The album had been released a few years earlier, and by the time I discovered it, Mclusky—a noise trio from Cardiff, Wales—had already recorded one more album and, sadly, called it quits. As short-lived as they were, Mclusky left a legacy of unique and inspired music.

    The album was recorded by noise rock legend Steve Albini. Albini is famous for his own bands—Shellac, Rapeman, and Big Black—as well as recording many seminal alt-rock classics—including Nirvana's In Utero and Pixies' Surfer Rosa. Albini seems to have a way to help musicians express their true sound, stripping down all the production and filler. On Mclusky Do Dallas, the band sounds raw and so full of energy they might explode. With song titles like "Lightsabre Cocksucking Blues," "The World Loves Us and is Our Bitch," "Fuck This Band," and "Alan is a Cowboy Killer," Mclusky shows off a quirky wit that's peppered over the entire album.

    I also have to mention that the album is full of great hooks; I have to believe that in some better alternate reality, people in 2002 listened to this instead of bands like Nickelback, Linkin Park, or Jimmy Eat World. I'd be willing to bet the alternate 2014 has better music as a result.

    When you distill it down, this album is a collection of catchy, irreverent songs from a very powerful power trio. They have been a big influence on my band, as well as many other musicans I know. Sadly, they're not around anymore, although guitarist/vocalist Andy Falkous' current band, Future of the Left, continues the great musical tradition he set down on Mclusky Do Dallas. You owe it to yourself to check this out, it may very well be the best album you've never heard of.

  • ROCKET 3 "BURN" out today!

    I’m all for complexity, shades of grey, and layers of nuance, but sometimes I enjoy finding a band that wears its influences so obviously. I feel it’s refreshing and honest in an industry that likes to obfuscate and create intrigue that really isn’t there. It allows the group to play music that interests them in hopes they can take those influences and do something interesting with them. Granted, many of these groups come across as hackneyed cover acts, but every once in a while, something of worth will emerge from the morass with something to say.

    And I think Rocket 3 could be such a band. Calling Portland, OR home, this trio delivers a punchy, peppy brand of rock music that blends equal portions ‘60s girl group sweetness, ‘90s jangle-pop goodness, and ‘10s retro garage rock sensibilities. The impact of Dum Dum Girls, Veruca Salt, The Fastbacks, and The Sundays can be felt throughout Burn, as this 13-song record alternately buzzes, coos, and swaggers depending upon its mood.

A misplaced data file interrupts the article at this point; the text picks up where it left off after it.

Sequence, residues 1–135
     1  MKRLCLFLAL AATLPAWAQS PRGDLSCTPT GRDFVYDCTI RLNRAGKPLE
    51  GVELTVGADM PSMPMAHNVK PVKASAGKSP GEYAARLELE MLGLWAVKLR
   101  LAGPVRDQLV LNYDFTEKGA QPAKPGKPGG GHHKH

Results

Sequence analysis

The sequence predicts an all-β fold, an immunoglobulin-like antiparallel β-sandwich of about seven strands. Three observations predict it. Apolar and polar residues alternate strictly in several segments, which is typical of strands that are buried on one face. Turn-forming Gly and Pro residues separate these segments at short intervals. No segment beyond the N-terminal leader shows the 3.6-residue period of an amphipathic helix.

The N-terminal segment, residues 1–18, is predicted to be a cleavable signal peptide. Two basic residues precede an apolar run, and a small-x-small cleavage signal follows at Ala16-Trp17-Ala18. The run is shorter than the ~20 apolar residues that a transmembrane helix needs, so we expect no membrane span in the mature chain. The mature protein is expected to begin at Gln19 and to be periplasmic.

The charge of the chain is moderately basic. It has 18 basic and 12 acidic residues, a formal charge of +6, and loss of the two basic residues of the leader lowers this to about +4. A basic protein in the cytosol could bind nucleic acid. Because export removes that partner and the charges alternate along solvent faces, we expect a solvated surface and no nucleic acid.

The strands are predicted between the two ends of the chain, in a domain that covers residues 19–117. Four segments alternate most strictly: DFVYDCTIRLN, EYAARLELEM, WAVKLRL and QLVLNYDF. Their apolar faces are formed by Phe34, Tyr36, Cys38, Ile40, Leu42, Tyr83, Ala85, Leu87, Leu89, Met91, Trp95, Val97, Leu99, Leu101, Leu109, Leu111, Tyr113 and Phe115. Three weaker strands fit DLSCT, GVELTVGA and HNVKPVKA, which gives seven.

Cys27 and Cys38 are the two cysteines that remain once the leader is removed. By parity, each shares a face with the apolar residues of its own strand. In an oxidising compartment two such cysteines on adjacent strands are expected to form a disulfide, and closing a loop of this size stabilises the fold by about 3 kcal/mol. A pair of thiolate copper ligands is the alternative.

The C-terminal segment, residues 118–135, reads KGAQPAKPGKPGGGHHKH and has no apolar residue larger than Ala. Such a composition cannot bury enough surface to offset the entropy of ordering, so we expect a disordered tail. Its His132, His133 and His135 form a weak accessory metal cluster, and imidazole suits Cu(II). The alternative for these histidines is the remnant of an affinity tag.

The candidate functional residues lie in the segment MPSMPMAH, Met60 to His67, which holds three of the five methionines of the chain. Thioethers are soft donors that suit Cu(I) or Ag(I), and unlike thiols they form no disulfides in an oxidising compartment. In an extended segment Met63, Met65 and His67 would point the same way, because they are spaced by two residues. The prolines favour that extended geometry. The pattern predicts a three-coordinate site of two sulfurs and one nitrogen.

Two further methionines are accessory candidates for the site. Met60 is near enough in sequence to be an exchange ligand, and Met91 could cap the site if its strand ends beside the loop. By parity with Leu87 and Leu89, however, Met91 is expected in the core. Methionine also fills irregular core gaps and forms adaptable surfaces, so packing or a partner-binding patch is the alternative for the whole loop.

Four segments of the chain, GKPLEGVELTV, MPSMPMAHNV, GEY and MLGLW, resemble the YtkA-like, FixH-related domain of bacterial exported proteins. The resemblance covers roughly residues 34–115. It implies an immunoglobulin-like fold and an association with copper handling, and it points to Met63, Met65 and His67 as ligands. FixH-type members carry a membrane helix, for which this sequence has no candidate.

Even with that description, the record isn’t at all schizophrenic, as Ramune Nagisetty (guitars & vocals), Drew Anymouse (drums), and Tony Guzman (bass) manage to hold the sounds firmly in the collective palm of their hands. Ramune has a delightful, airy voice that stands out in contrast to the driving tempos and guitar crunch dominating most tunes. I’m also impressed with the quality of the melodic progressions emanating from her guitar, as they start in familiar pop territory and get inverted and distended along the way. The rhythm section of Drew and Tony provide bright, strong textures, but without sounding rudimentary.

    Burn loses its way a bit when the band literally dips into cover band territory by performing renditions of “All Tomorrow’s Parties” (Velvet Underground) and “Only Shallow” (My Bloody Valentine). Sure, they’re good versions of those classic cuts, but they take me out of the pacing and flow the group created with its own music.

    I like the swagger and energy of Rocket 3 - it’s never over-the-top, but instead captures a band making straightforward rock music with an outside-the-box mentality. Standout tracks like “Fate,”  “Never Again,” “Ride,” and “We Believe” showcase the band’s ability to take retro sensibilities  and update them with off-kilter styling. Thus, while the trio certainly isn’t cutting edge, they are making fun music inspired by bands that I like, and sometimes that’s exactly what I want and need to hear.


    Music video with Renegade Roller Derby:  

    Rocket 3 music websites:

    Rick Hart’s Album, Spiral, tells a story of love and heart break with a soft rock country style. Although these country tunes might give you the blues, his songs, "Mess I’m In" & "Hummingbird", will inspire you to get up and dance around regardless. This, “love sucks, but I can’t get enough” vibe is accented with peppy piano intros and pleasant guitar solos. 

    My favorite is "Hummingbird" because I thought I was listening to John Mayer, but Rick’s smooth-rich voice made it an original. Second favorite is "Mess I'm In".. I found myself reflex tapping my feet to the beat. Best line is, "Is it wrong to assume, with all of its perfections, love can conquer and consume.” 

    All together, Spiral is fit for easy listening, and thanks to the more cliche and repetitive lyrics Rick uses, you’ll find yourself singing along in no time. 

    For Fans Of: Van Morrison, Bob Dylan, John Mayer
    RATING 7.5/10  - Melody Miles




  • Blue Skies For Black Hearts drops their first single “It’s Gone On Too Long” FOR FREE and releases the video never seen before RIGHT NOW.